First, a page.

Studies have found that irregular and disturbed sleep can affect the overall health of a person.
Sleep might seem like a small part of our lives, but in reality, it is as important as consuming healthy food and exercising. It has the power to make or break your day. You might have experienced its effects yourself. On the days you slept well, you must've noticed that you woke up fresh and happy. But on the days that you had less or disturbed sleep, you woke up wishing the whole world would leave you alone.
According to the Sleep Doctor, poor sleep can be the reason for weight gain. It can also lead to an increased risk of developing metabolic syndrome by 27%. What is this syndrome you ask? It is the condition that increases the risk of heart disease. Dr. Michael Breus says, "If your bedtime varied between 60 to 90 minutes on average, you have a 14% greater chance of developing metabolic syndrome; when your bedtime varies by 90 minutes or more, your risk is 58% of developing metabolic syndrome."
So can this condition be avoided with a proper sleep schedule? Absolutely. Listed below are some of the other benefits of going to bed at the same time.
Sleeping on time during weekdays and staying up late only during weekends can spoil the body clock. This leads to a condition termed social jet lag. According to researcher Till Roenneberg, the shift in sleep schedule leads to social jet lag, and with every hour that passes by "the risk of being overweight or obese rises about 33%," as per WebMD. What does obesity do? Increases risk of cardiovascular diseases.
According to a study conducted by the University of Arizona in June 2017, it was found that irregular sleep placed more stress on the body that led to higher rates of heart disease linked with social jet lag.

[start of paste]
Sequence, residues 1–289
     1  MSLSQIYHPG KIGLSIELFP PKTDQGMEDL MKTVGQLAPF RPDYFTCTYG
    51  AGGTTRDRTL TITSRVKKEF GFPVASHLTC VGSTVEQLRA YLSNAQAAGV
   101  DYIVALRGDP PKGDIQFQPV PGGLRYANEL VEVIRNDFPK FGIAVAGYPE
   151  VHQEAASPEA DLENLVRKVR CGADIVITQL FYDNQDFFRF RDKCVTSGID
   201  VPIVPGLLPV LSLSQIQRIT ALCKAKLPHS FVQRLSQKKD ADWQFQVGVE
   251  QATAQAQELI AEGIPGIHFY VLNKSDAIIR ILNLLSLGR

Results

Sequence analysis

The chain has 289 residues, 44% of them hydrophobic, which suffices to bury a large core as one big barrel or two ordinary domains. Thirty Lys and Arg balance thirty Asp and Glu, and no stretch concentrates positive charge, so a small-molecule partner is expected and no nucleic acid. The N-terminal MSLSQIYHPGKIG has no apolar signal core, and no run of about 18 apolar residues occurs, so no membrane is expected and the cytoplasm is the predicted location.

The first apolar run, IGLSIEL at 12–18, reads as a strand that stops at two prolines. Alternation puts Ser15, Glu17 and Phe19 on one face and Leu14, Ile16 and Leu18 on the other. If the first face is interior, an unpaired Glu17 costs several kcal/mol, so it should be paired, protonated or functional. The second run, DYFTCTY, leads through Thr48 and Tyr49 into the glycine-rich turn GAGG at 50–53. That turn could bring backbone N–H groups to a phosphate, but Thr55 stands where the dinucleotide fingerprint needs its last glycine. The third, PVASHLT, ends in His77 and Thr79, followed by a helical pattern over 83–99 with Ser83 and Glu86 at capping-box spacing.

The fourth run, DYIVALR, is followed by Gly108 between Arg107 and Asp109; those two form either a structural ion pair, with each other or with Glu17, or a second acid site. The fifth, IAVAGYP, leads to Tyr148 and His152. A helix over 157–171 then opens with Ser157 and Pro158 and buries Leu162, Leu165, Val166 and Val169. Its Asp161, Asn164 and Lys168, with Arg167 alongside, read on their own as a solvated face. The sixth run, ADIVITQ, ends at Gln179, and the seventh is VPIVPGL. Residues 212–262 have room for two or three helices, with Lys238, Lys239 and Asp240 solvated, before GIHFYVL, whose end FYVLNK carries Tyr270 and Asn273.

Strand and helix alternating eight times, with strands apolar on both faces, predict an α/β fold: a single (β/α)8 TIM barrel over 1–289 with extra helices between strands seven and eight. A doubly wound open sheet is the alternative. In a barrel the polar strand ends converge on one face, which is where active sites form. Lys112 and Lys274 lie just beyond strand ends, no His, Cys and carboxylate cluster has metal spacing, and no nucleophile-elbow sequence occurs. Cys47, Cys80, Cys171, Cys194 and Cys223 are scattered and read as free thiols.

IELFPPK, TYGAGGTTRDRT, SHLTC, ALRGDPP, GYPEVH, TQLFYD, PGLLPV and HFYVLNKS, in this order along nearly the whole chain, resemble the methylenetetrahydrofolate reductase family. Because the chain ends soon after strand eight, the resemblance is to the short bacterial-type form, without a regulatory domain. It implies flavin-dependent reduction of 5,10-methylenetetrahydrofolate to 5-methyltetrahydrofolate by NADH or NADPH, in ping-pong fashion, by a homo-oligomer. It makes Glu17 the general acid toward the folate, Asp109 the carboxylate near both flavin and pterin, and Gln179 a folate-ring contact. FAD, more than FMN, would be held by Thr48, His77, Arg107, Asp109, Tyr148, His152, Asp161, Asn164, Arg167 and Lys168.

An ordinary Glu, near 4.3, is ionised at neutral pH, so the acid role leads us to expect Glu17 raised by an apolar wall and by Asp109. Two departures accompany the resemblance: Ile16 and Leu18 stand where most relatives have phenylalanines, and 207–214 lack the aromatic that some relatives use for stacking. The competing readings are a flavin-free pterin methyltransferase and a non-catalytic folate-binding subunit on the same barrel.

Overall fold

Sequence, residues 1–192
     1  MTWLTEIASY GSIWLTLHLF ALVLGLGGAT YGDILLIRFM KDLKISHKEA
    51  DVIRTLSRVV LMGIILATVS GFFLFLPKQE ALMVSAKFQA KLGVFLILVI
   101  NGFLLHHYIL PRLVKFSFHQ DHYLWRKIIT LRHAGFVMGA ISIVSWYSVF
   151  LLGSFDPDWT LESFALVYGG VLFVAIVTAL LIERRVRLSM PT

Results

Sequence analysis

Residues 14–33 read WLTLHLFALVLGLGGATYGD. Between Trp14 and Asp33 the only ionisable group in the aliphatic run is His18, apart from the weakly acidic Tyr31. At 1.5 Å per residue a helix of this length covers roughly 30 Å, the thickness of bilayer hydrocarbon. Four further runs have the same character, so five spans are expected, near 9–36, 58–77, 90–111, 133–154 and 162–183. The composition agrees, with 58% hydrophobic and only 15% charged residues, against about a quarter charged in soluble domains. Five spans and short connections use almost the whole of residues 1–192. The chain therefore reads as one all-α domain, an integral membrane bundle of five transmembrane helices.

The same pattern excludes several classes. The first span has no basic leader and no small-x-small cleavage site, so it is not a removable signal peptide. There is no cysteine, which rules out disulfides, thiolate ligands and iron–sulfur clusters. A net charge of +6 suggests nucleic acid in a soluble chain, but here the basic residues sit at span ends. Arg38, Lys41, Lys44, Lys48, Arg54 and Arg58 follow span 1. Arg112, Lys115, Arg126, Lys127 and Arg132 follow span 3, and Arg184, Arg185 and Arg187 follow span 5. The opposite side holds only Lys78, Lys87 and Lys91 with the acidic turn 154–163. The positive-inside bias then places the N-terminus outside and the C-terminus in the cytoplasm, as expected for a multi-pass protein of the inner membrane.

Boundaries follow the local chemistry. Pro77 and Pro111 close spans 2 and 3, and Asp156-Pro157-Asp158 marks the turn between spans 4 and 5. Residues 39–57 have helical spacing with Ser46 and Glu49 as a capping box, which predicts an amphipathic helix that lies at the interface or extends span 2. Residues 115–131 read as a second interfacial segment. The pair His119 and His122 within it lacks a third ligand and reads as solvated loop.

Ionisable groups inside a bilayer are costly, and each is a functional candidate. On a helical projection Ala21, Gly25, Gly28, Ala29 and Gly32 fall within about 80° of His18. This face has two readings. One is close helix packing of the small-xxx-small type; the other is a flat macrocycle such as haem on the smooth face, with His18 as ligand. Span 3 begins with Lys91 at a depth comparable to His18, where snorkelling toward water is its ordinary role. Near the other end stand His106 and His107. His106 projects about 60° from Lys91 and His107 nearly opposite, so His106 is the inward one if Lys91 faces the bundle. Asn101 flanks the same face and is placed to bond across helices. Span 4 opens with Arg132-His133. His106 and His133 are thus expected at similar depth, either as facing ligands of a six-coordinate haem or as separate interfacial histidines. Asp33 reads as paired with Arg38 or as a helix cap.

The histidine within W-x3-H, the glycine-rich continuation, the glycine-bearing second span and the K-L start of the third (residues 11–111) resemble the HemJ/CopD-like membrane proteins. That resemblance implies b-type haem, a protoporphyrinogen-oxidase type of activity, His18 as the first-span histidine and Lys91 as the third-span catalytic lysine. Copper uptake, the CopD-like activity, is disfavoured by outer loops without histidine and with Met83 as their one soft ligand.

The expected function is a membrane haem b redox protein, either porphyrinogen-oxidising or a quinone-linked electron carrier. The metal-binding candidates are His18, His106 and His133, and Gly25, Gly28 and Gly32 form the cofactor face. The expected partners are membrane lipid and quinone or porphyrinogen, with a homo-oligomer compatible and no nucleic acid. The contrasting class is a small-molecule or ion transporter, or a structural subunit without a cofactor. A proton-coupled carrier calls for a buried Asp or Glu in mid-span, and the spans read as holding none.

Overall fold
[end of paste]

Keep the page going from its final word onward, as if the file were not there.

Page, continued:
Tossing and turning, scrolling through our phone is pretty usual for us to fall asleep. According to a study conducted in 2005, a minor shift in the sleep pattern from irregular to regular helps cut down the average 45 minutes of sleep latency to nine. Sleep latency is the term used to describe the period of time taken to fall asleep.
In another research conducted on college students in Taiwan in 2009, it was found that irregular sleep not only left the students with fewer hours of sleep but it also increased their sleep latency from an average of about 14 minutes up to 24.
In a study conducted in 2016 at the University of Pittsburgh, it was found that women with irregular sleep patterns showed higher rates of metabolic problems. The proper functioning of metabolism is important for the body cells to change food into energy, needed for all the bodily functions to work.
It was also found that women with irregular sleep schedule showed an increased risk of diabetes due to higher levels of insulin resistance as the body stopped responding to insulin in the way it should.
According to Wakefit, we usually end up taking naps when our night's sleep is disturbed. Feeling lethargic and irritated the next day is quite obvious. However, all of this can be avoided by sleeping at the same time every day. Not only will this reduce your nap times but will also help you be more productive throughout the day.
As soon as you start sleeping on time, you'll automatically get a night of better sleep. Better sleep will lead to fewer naps in the morning or noon which will make you procrastinate less, and work more. The whole day of work will obviously make your mind and body tired, so what would you do? Yes, sleep. Soon this would become a pattern forestalling chances of insomnia.
By now we're aware that a night of good and undisturbed sleep plays a major role in how our next day turns out. From small naps to a rested and peaceful sleep, it's all linked to our mood and wellbeing. Irregularity in sleep can lead to a decrease in the happiness ratio. We don't want that, right?
In a study conducted by the MIT scientists in June 2017, college students were asked to monitor their sleep and journal their mood for a month. It was found that the more sleep-deprived they were, the more unhappy they found themselves for the entire day. They also felt irritated and unhealthy.
College students are young and are assumed to be healthy. If a little irregularity in their sleep can affect them in this way, we can imagine how it would be for those over 25.